Use caution and common sense when riding up the ascensors (funiculars). Many go up to dangerous neighbourhoods. My husband and I were robbed on Cerro Cordilliera by young thugs. Lost passports, ID, camera, etc. While some of the hillside areas are safe, many are not! Enjoy but be cautious.
There is a public area in the port where everybody can get a closer look of the giant cruiseships in port, BUT that does NOT mean that you are able to simply walk the last 100 meters to the ship from Plaza Sotomayor.
There was NO way to enter the area around the ship, although I had a valid passenger-card. I had to go back 3 km to the other end of the pier, where the only machine was to be found that was able to x-ray all the belongings of the passengers before they were allowed to enter one of the many free buses to get to the ships !
So calculate your time, when you go ashore on a cruise !
As we prepared to disembark our cruise ship, the cruise staff warned us to ensure that we weren't carrying any sweets or chocolates. It seems that Chile is very strict in its laws relating to bringing these items into the country.
We were warned that there would be sniffer dogs as we disembarked and that they were trained to look for confectionery. Most people didn't believe this, but as the warning was repeated packages of sweets materialised on all the tables in the lounge where we waited to disembark as passengers emptied their bags.
We disembarked and boarded waiting coaches which took us to the formal port area and there we were obliged to form two lines, one at either side of the room. We were instructed to leave our hand baggage on the floor to the side and then the sniffer dogs appeared. Mild looiking beautiful golden animals, they walked up and down the rows of people. One of the dogs stopped briefly at a bag two people in front of me and raised his head, then kept walking. The bag was whisked away together with its owner.
The dog waltzed past me and I breathed a sigh of relief, but again I felt that relief way too soon. For some reason that I don't know the customs officials whisked off my LV travel bag and me, searching the bag thoroughly. I was travelling with my elderly Mum. She attempted to follow me but they wouldn't let her. I was more worried for her than for myself, as I knew there was nothing in my luggage.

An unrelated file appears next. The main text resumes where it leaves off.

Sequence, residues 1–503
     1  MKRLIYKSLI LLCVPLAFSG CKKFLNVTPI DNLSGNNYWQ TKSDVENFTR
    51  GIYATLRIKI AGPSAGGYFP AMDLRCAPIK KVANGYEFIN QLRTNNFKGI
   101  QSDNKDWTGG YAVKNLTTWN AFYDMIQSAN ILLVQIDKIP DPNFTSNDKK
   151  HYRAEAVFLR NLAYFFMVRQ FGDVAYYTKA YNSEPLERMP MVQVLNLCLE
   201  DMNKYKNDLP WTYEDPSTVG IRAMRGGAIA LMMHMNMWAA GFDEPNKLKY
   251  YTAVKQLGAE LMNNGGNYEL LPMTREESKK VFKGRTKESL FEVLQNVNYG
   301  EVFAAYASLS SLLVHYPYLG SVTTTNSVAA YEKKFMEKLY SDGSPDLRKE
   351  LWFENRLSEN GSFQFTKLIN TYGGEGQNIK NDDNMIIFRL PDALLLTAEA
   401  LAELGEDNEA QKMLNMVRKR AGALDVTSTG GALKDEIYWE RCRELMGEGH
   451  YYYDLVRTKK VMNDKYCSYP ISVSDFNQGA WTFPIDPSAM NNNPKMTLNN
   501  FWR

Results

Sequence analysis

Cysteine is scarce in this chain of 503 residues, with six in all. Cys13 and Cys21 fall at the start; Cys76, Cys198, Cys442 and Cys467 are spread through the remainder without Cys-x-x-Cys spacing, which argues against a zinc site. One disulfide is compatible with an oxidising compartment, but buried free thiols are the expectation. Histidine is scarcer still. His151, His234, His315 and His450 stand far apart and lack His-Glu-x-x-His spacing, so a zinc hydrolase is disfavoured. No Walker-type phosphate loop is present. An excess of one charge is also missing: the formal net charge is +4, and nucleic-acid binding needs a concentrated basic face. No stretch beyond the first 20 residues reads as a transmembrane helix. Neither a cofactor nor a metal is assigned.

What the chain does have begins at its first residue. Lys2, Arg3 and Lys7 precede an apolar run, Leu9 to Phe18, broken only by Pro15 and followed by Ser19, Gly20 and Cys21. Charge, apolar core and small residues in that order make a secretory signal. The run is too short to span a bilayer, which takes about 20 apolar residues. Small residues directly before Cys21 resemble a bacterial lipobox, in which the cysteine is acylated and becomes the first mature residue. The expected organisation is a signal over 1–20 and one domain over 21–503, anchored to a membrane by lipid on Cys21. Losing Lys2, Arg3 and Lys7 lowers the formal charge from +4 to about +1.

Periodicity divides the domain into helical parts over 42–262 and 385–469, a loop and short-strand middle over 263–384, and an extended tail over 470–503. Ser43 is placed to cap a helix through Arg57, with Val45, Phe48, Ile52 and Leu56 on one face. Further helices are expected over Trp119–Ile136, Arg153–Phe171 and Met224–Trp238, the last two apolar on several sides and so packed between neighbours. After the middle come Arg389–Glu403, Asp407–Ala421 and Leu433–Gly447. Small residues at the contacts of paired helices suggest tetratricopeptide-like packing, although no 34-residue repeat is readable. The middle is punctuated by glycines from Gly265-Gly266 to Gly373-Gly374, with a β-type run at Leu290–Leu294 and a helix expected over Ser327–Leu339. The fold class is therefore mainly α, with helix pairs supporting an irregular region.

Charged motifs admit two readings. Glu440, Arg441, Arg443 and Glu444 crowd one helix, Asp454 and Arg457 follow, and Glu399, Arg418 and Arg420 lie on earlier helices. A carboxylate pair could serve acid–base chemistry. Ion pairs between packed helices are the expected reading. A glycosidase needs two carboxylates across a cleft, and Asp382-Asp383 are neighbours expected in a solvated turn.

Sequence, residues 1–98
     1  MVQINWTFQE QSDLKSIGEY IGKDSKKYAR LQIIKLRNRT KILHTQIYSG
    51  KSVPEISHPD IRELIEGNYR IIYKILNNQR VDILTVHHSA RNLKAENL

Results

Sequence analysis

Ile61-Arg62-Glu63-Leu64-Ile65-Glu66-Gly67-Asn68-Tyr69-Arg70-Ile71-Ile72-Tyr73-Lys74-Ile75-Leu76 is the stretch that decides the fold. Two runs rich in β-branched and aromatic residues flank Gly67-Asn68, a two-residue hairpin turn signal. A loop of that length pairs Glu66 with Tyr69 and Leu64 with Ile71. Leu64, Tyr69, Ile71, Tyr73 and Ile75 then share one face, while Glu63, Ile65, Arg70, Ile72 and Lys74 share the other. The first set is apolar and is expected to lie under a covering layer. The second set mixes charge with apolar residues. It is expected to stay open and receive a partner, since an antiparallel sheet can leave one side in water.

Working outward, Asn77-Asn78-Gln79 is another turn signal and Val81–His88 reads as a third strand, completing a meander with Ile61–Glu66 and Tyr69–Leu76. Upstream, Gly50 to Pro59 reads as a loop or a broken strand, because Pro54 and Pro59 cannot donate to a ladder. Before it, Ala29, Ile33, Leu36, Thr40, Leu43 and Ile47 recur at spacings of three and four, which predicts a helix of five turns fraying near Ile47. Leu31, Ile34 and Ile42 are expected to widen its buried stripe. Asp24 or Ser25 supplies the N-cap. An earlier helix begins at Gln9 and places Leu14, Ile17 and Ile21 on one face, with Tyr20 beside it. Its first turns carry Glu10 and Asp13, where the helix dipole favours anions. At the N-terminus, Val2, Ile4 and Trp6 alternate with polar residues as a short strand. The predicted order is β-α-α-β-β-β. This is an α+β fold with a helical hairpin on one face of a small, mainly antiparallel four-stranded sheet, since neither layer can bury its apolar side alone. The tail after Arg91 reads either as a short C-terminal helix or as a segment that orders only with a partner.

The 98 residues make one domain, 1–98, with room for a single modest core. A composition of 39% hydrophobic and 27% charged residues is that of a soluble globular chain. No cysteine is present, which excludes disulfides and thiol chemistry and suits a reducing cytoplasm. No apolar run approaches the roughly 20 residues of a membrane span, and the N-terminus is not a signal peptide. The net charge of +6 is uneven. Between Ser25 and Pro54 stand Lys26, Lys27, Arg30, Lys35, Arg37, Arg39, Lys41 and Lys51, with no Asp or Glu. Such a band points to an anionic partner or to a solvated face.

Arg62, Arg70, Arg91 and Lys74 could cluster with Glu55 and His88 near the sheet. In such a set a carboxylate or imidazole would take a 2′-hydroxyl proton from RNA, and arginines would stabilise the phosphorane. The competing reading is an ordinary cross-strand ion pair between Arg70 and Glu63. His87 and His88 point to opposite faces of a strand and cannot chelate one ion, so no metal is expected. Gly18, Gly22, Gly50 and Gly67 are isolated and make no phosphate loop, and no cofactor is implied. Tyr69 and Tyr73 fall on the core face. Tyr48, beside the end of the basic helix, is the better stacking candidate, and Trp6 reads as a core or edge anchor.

They let me go after a good old root, but at this stage my Mum was lost. I searched the huge terminal and couldn't find her. After about 20 mins of frantic searching I discovered her with a helpful couple who assisted her in finding me.
A wholly harrowing experience.
As we drove away in our luxury coach I looked out the window and watched two of our fellow cruise travellers departing in a taxi. Suddenly the taxi was overtaken and stopped by the police, the boot of the taxi opened, and the police seized one suitcase and drove off.
Scary stuff - be warned and be very afraid!!!!!!!!
Warning ! In Valparaiso, it's totally forbidden to take pictures of the military boats floating next to the city... You could be directly sent to the jailhouse ! Well, if you might find someone to underarrest you, as police have much more interesting matters to deal with...
Attention, a Valparaiso, il est interdit formellement de prendre en photos les navires militaires mouillant dans le port... Sous peine d'etre envoye directement en prison, sans toucher 20.000 ! Enfin, si la police fait son boulot, bien que je pense qu'elle ait d'autres chats a fouetter !
Try to be always careful while you're in Valparaiso, during the day and night, no matter what time. So keep all your values at the Hotel or wherever you're staying and try to not wear flashy stuff or your expensive jewelries, watch etc. And be careful with your camera too.
For men: NEVER carry your wallet in your trouser's back pockets, better if you keep your money and credit cards in a hidden pocket ;o)
Not that is TOO dangerous, but better to prevent.